Accordingly, the readiness of Fletcher’s Task Force 17 and Rear-Admiral Raymond Spruance’s Task Force 16 (Enterprise, Hornet) meant that the Americans were ready to deploy three carriers against Nagumo’s four: Akagi, Kaga, Hiryu and Soryu. Had it been the Japanese rather than the Americans that had shown such adaptiveness and energy, the Japanese might have deployed six carriers against’s Nimitz’s two. Moreover, the Americans devoted extraordinary efforts to reconnaissance flights to locate the Japanese and were rewarded for their labor. The Japanese failed to locate Fletcher’s carriers positioned north-east of Midway and their efforts to search further with reconnaissance Kawanishi flying boats refueled by Japanese submarines were thwarted when American ships were found at the intended submarine rendezvous point.
For all that, the Japanese started out having matters almost entirely their way. The June 4 Japanese air-strike on Midway caused extensive damage, though Nagumo’s pilots failed to completely knock out the American air field. Their Zeros massacred the old Brewster Buffalo and Wildcat fighters sent up from Midway to meet them. A string of attacks on Nagumo’s ships by Midway-based aircraft – B-17s, B-26s, Avengers, Vindicators, Dauntless dive-bombers and other aircraft – failed to score any hits. But they rattled Nagumo, who departed from standing instructions by immediately re-arming with bombs the 93 aircraft held in reserve to attack the American carriers that might be in the area for a second strike at Midway instead. Only after these preparations were in progress did Nagumo receive word from a scout plane of the presence of one American carrier in the vicinity. Reversing plans again, Nagumo halted the rearming of his planes with bombs so they could be rearmed with the original torpedoes.
For a time Nagumo’s luck held. Commander Stanhope Ring’s 35 Dauntless dive-bombers and 10 Wildcat fighter escorts from the Hornet failed to find Nagumo. This meant that the first of Fletcher’s planes to find and attack Nagumo’s carriers were the three aging, slow Devastator torpedo bomber squadrons from each of the three carriers. It was a case of suicidal bravery. Dozens of Zeros cut the attackers to pieces. Lieutenant John C. Waldron’s 15 torpedo bombers from the Hornet were all destroyed. Ensign George H. Gay, who crashed into the sea and witnessed the subsequent battle from the water, was the only survivor. (When told of the sacrifice of Waldron’s squadron, British Prime Minister Winston Churchill wept.) Lieutenant Eugene E. Lindsey’s 14 torpedo-bombers from the Enterprise were next up for slaughter, only four limping back to tell the tale, followed by Lieutenant Lance E. Massey’s 12 from the Yorktown (all but two shot down). Not a single torpedo hit was scored, but the tragic sacrifice of the American torpedo bombers gave the Americans their moment. Nagumo’s carriers were packed with refueling and rearming aircraft on their decks, devoid of fighter cover, the Zeros having all been pulled down to sea level to finish off the torpedo bombers. Now, 35 Dauntless dive-bombers from the Enterprise (Lieutenant C. Wade McCluskey) and 17 from the Yorktown (Lieutenant Maxwell F. Leslie) appeared in the skies above and swooped down for the kill.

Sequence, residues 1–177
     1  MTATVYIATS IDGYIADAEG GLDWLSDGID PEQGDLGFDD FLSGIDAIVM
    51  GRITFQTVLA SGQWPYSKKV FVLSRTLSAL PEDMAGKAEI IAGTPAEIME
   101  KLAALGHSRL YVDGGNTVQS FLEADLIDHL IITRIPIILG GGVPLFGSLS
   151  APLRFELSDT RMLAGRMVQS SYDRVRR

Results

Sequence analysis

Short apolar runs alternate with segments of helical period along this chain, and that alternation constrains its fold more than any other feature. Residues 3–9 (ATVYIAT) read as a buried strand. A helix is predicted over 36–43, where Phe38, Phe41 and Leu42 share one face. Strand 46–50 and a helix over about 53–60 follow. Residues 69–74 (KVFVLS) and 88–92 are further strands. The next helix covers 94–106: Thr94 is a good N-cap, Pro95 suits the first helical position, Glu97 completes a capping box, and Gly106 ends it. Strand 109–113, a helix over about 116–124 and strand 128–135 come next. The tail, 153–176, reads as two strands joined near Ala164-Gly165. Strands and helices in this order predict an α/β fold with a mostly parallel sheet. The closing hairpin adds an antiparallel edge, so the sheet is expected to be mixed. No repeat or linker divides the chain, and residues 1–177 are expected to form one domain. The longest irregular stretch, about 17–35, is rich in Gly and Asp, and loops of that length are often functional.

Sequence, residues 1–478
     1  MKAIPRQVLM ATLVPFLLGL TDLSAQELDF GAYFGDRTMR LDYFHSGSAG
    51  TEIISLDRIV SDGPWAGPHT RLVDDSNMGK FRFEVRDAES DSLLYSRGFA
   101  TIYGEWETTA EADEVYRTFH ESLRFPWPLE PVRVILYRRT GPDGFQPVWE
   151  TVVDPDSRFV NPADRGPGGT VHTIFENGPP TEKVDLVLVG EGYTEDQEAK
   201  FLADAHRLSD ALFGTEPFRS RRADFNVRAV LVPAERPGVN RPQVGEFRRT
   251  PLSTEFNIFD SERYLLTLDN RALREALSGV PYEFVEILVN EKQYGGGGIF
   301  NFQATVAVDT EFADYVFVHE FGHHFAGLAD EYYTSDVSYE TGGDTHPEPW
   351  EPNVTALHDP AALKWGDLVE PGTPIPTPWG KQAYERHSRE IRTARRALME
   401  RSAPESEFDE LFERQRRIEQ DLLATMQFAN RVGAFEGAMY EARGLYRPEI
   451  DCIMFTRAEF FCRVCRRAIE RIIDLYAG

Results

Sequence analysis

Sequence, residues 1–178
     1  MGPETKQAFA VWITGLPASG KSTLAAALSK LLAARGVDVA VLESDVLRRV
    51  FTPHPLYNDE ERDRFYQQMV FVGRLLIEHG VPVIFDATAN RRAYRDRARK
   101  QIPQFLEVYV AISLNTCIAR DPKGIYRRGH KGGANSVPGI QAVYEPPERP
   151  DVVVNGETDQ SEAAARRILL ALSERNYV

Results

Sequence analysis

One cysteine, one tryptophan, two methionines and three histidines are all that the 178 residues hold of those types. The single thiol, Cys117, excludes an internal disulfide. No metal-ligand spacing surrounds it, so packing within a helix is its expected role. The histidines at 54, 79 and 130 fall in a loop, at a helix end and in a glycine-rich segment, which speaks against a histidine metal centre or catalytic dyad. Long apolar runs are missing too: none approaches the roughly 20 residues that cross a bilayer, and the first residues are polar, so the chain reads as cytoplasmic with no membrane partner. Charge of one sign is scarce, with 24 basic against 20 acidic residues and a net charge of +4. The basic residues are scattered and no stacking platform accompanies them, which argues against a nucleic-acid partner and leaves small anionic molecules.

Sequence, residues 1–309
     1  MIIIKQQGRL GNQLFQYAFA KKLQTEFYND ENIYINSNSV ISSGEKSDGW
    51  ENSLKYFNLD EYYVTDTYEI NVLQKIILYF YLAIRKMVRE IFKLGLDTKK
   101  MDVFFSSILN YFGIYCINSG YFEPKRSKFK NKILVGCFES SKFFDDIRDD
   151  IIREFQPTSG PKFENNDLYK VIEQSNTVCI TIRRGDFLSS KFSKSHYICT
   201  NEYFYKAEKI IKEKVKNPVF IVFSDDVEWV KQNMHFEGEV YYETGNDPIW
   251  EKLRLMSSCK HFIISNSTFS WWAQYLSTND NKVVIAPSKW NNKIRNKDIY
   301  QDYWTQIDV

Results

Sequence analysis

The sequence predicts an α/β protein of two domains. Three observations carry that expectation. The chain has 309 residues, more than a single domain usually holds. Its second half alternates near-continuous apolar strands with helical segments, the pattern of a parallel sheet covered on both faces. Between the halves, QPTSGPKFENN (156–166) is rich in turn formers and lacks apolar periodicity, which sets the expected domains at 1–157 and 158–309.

The American pilots were not as yet up to par with their Japanese counterparts, but their hits sufficed: Nagumo’s carriers were convulsed with consecutive explosions of detonating planes and explosives. Within five minutes, McCluskey’s planes had turned the Akagi and Kaga into flaming infernos, while Leslie’s had destroyed the Soryu. That only left the Hiryu, which counter-attacked with dive-bomber and torpedo strikes that both located and hit theYorktown.
Here, too, American ingenuity misled the Japanese: the Yorktown was struck by three bombs, but filling its fuel lines with carbon dioxide ensured no conflagration consumed her and the Yorktown was under way when the Hiryu’s torpedo bombers arrived and scored two further hits. This led the Japanese to think that they had destroyed or at least crippled, not one, but two American carriers. But this reassuring conclusion was swiftly shattered when dive-bombers from the Enterprise and Yorktown struck the Hiryu that afternoon and destroyed it with four or possibly five bombs. Nagumo’s 1st Carrier Fleet, the cream of the Imperial Japanese Navy, was at an end; the Americans had lost only the Yorktown, dispatched to the bottom by torpedoes from a Japanese submarine. Yamamoto’s invasion fleet, sailing in Nagumo’s wake, turned back.
Spasmodic engagements continued over two days, but the outcome was already certain: the Imperial Japanese Navy had been struck a blow from which it never recovered. The tide of war in the Pacific had turned. Little wonder that military historian Sir John Keegan has called Midway “the most stunning and decisive blow in the history of naval warfare.”
And yet, subtract a windfall here, a chance there, and Midway might have been the Japanese Imperial Navy’s finest hour. Had that occurred, the Pacific west of Hawaii would most likely have become a Japanese lake and the war immeasurably prolonged. In light of this, perhaps the Duke of Wellington’s verdict on Waterloo is apposite – “The nearest run thing you ever saw in your life, by God!”
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